Katie Evans, Head of Research & Policy, Money and Mental Health

In case you missed it in the Budget - what is the Regulators' Pioneer Fund?

Hidden away in the technology section of today’s Budget, the Chancellor announced a new £10 million ‘Regulators’ Pioneer Fund’, billed as helping regulators to develop innovative approaches to get new products and services to markets.

It would be very easy to overlook this announcement. Regulation isn’t the sexiest subject at the best of times, and it was buried amongst big policy changes around housing and some good news on Universal Credit. But, with some luck, this little announcement could make a big difference to the ongoing unfairness that costs people experiencing mental health problems millions of pounds every year.

The hidden costs of mental health problems

Mental health problems don’t just affect our emotions; they also affect the way we think and make decisions. This shapes our ability to engage with markets, whether that’s finding the motivation to shop around and switch insurance or energy suppliers, or just struggling to open the bills or pick up the phone when something’s gone wrong.

“I find the process of hunting for deals overwhelming. My brain can crash, then I’ll just take whatever deal is closest to me. Or I’ll get stuck, and not be able to take any deal. Last time I needed a new mobile it was awful, it took me more than 6 months to decide which deal to get.”

For the 12 million consumers across the UK who are experiencing mental health problems, that often means paying more for services. People experiencing mental health problems are also more likely to be on low incomes in the first place, so a greater proportion of their monthly budget will be taken up by paying for the essentials, leaving less for the enjoyable things that might help them to stay well.

We’ve been arguing for an inclusive approach to the regulation of these essential markets, encouraging both suppliers and regulators to think about how they can design services and processes so they work for everyone.

Supporting innovation

Traditionally, the role of regulators was seen as setting the rules for a given market – the minimum standards companies had to meet to sell energy or financial services to a consumer – and then letting competition decide what services should look like. We have increasingly realised, however, that sometimes innovation isn’t best fostered by competition.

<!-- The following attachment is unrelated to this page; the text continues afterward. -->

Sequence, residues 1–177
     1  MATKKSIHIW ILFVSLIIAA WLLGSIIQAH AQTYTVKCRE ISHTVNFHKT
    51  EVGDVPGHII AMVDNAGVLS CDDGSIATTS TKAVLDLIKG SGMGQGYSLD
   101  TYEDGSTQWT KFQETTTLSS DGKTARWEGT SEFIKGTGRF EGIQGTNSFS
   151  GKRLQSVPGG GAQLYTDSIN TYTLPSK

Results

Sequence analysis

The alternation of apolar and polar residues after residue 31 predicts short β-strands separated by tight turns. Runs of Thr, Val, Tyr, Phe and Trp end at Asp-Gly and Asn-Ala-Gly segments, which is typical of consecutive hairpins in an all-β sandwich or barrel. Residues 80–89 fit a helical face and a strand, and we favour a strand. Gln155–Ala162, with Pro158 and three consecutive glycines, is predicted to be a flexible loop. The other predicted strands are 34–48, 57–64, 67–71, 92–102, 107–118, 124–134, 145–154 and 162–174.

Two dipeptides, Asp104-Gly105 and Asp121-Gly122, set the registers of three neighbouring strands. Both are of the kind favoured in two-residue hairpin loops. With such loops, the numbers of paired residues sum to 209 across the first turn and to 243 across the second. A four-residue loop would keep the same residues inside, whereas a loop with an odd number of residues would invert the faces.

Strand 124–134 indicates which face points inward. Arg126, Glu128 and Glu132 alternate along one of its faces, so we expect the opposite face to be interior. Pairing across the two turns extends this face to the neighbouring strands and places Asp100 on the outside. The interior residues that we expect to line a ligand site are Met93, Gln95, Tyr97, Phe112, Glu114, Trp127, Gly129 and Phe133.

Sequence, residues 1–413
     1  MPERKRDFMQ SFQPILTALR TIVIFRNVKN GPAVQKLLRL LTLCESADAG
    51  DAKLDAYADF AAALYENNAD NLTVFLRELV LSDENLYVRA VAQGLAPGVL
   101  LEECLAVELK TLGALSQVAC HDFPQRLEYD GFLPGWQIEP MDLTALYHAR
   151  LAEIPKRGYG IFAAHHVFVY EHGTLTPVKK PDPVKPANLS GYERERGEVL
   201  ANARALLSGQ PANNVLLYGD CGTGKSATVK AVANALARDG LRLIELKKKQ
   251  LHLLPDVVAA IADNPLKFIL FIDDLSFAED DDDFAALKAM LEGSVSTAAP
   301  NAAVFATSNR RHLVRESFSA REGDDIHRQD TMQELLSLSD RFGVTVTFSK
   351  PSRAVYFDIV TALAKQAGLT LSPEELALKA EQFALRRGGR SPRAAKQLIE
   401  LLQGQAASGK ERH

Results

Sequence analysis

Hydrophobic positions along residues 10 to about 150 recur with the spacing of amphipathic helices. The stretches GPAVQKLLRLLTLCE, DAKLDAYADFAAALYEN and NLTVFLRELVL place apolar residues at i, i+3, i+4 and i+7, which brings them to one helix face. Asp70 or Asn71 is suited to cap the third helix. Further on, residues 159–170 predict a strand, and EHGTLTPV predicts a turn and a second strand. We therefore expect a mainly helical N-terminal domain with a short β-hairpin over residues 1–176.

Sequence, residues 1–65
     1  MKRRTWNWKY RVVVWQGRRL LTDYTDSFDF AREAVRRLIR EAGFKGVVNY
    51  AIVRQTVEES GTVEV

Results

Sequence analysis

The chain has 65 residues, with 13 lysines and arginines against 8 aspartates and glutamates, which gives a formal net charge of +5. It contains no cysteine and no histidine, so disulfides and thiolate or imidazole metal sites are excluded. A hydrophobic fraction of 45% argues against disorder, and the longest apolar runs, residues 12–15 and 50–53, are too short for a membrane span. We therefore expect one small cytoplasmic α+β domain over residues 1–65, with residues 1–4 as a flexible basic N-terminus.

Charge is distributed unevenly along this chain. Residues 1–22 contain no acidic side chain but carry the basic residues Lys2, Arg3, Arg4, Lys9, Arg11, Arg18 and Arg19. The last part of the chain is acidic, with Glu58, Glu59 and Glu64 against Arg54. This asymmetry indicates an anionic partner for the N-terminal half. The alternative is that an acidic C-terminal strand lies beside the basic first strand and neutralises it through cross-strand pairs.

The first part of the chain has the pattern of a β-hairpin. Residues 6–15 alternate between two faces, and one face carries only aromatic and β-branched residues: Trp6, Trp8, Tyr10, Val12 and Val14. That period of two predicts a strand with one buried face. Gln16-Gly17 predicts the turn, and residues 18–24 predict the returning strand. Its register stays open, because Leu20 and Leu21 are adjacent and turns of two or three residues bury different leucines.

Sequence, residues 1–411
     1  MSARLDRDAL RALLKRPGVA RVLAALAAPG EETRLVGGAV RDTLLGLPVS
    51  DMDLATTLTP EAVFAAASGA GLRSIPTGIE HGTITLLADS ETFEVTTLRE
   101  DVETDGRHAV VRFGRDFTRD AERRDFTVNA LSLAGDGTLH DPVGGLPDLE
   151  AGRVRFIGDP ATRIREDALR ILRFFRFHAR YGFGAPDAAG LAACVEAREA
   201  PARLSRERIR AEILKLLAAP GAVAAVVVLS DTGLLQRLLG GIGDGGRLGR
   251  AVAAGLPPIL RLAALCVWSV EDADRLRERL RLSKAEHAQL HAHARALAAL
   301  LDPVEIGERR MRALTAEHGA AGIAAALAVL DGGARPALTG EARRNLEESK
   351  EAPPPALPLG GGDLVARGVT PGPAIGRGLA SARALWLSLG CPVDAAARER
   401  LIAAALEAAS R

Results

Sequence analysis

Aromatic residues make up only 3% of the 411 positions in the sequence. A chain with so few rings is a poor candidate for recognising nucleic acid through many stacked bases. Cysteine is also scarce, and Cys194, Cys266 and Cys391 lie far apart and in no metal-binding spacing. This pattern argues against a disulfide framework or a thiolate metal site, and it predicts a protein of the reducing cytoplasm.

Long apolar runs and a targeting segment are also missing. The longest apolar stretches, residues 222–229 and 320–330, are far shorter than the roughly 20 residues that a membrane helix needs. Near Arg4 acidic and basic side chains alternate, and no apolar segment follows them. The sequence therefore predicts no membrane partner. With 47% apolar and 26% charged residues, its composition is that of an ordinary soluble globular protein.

Instead, when we’re tackling big issues which affect companies right across an industry, collaboration can be helpful. If the Pioneer Fund can support regulators to undertake more work like the TechSprint we held with the Financial Conduct Authority earlier this year, this can only help to build understanding of the needs of vulnerable consumers across markets, and to encourage firms to build new products and services which really meet their needs. Left unchecked, innovation will often chase the biggest profit. This Regulator’s Fund could help rebalance that, and create an incentive for innovation which could drastically improve lives.

Answering the big questions

Lack of cash isn’t the only thing holding back innovation. At our TechSprint follow-up event with the FCA last week, we found that big questions around data sharing and privacy were holding up progress.

Markets for essential services are already changing at an incredible pace thanks to new data driven technology, including Artificial Intelligence (AI). Smart meters, though not super exciting in their first iteration, are gradually changing the way we think about our energy use. Open Banking could have a much more radical impact on the way we manage our finances.  Across a whole range of markets, being able to access data about our own usage and share that with a wide range of suppliers opens up the possibilities of personalised contracts and pricing, super-simple automated switching, and potentially stronger competition and better deals across a wide range of services.

Done well, this could offer enormous benefits to people experiencing mental health problems, for whom prompts to shop around and switch can be, not just unrealistic, but even a source of guilt. In an ideal world, an algorithm could do the hard work of finding the best deal, and we could rely on sharing data electronically rather than taking meter readings and comparing complex contracts.

However there are also risks in this innovation. Without careful regulation to ensure that data can’t be used to discriminate against certain types of consumer, it’s possible that people could be taken advantage of. There’s equally a risk that, if these services aren’t designed with ‘vulnerable consumers’ in mind, engaged customers will leverage the tools to get ever-better deals, at the expense of those less able to shop around.

A leadership role for government

It’s great to see the government taking these risks seriously, and promising to create a new Centre for Data Ethics and Innovation. We’re also very excited by the potential of new ‘data trusts’ which could facilitate access to data for the purpose of fostering innovation. We’ve previously called for the creation of a similar scheme to share financial transactions data, and hope at least one of the new trusts will make this type of data available both to researchers seeking to better understand the financial situations of UK households, and the charities and firms trying to help.

These Budget announcements could be the start of a really interesting, and much needed, conversation about how we use technology to make Britain’s consumer markets more effective and fair for everyone. We hope it marks a shift towards cross-sector collaboration between regulators, and a focus on innovation in markets, rather than endlessly asking consumers to do more. The forthcoming Consumer Markets Green Paper is an opportunity to pick up these themes and show real leadership.